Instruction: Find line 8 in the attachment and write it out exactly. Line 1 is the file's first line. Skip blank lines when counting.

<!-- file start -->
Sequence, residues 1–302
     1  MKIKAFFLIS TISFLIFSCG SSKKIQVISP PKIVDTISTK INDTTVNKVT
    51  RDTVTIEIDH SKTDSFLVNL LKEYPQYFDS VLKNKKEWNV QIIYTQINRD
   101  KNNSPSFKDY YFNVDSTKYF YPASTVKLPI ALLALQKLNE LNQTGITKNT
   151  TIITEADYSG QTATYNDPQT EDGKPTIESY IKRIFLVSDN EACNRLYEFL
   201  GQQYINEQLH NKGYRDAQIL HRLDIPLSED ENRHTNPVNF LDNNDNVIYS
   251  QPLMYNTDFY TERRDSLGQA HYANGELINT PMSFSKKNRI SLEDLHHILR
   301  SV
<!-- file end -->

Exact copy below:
   301  SV